Singer and songwriter Rai Kannu, 42, one-half of singing duo Jack & Rai, says they have played an important role in his development as a musician. "The rite of passage for any band's live debut is to jam together. The jam studio has always been an entity that exists to grow that interest in music and cohesion as a band. As a kid, I used to go regularly to Wee Lee Music Centre, which exists till today."

Studio owner and musician Bani Rahman, 49, adds: "In Singapore, we can't play our instruments loud at home because we might disturb the neighbours, which is why jamming studios are so important to us.

"It's also more than just a room for us to play, it's a community space for musicians to gather and socialise."

The bassist runs Epic Studio at Peninsula Shopping Centre. While he is relieved that he received three months of rental rebates for the two units that he rented from two different landlords, income is still tight as he had to pay maintenance fees for one of the landlords while the studio was closed during circuit breaker.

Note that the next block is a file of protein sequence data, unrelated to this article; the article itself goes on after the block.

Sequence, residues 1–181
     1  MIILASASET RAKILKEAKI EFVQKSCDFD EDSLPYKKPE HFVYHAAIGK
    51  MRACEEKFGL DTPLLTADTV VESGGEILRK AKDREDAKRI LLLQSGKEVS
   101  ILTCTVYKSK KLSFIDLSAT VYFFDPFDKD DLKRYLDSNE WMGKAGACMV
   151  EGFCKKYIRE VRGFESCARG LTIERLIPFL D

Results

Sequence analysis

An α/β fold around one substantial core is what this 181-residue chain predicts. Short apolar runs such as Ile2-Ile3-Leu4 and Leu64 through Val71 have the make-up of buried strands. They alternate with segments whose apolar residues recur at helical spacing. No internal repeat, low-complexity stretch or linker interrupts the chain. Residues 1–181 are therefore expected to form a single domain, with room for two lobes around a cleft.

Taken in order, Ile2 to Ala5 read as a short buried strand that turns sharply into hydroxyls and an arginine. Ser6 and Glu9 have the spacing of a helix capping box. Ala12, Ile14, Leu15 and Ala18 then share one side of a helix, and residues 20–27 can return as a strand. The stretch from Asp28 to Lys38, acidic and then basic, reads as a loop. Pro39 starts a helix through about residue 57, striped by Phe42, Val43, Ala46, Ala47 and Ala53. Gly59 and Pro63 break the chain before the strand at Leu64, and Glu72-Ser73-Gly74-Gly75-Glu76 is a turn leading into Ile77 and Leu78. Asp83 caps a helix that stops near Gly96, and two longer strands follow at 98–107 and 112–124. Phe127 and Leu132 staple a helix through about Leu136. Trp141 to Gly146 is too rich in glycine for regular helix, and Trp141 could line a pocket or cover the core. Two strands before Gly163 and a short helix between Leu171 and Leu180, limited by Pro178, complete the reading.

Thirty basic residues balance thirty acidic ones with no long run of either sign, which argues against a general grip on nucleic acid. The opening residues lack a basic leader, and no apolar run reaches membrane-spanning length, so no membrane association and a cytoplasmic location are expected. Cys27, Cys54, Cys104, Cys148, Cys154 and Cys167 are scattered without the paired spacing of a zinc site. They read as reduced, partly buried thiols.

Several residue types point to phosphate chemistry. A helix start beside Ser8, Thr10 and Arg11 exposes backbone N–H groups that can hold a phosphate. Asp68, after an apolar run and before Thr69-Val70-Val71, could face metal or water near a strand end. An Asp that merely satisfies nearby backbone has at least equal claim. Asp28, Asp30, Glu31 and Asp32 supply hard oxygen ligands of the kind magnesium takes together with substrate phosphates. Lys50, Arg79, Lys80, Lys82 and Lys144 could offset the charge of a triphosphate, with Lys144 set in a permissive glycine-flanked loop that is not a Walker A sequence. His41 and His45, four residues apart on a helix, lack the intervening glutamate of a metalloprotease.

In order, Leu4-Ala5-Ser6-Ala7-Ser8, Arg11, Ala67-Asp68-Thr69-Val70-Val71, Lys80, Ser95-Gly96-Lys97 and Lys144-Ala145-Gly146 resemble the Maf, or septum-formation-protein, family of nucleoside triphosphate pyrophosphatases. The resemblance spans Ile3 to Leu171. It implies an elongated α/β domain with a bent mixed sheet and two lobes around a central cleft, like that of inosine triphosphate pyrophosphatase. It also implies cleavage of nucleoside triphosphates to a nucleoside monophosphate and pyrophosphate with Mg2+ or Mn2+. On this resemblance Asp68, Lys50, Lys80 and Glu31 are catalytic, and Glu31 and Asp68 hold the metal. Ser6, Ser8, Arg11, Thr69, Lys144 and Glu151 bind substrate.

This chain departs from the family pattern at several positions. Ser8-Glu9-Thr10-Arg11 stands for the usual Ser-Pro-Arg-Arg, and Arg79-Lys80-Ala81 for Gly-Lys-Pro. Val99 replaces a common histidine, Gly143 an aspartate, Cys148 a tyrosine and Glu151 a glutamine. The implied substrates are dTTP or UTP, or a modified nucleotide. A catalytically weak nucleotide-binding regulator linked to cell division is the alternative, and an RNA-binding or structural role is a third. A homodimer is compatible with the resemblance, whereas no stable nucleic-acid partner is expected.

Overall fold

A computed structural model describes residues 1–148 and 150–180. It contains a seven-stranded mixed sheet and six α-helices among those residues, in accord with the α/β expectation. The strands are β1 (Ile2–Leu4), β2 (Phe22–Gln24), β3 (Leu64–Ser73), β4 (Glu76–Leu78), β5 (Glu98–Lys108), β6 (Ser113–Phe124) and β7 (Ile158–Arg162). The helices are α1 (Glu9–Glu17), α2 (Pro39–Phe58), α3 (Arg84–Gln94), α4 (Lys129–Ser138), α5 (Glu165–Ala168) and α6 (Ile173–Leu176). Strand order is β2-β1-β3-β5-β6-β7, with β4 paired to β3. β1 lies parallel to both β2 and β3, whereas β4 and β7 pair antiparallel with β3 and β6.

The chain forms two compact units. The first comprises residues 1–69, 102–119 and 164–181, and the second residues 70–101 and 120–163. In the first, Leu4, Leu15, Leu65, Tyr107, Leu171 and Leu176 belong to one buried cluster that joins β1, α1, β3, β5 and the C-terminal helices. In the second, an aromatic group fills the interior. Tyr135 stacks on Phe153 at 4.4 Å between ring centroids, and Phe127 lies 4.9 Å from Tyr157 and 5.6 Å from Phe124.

For Tonehouse Studios in Parklane Shopping Mall, the circuit breaker period was a chance for them to explore new ventures.

Director Mah Chen Zhong started a podcast while the studio was closed. And when it reopened, it started offering live-streaming services for musicians.

The studio also started its own online gig series, Tonehouse Live Sessions, as well as Tonehouse Live Streaming Sessions, a project in which bands cover made-in-Singapore songs and talk about why they liked them.

The 31-year-old says: "The initial investments into live-streaming equipment was steep, but it is paying off.

"More importantly, the big picture is about providing a quality venue for musicians to continue to perform and keep the market going. We feel grateful that we're able to play a small role in keeping things going for the arts and music scene."

The Basement Studio in Golden Mile Tower is another studio that has revamped its business in the wake of the pandemic.

It began offering live-streaming services to musicians. Owner Mohamed Yazzit Mohamed Ismail has also started organising online gigs at the studio. Viewers are encouraged to pay the performers via Buy Me A Coffee, an online platform that lets fans provide monetary support to creators.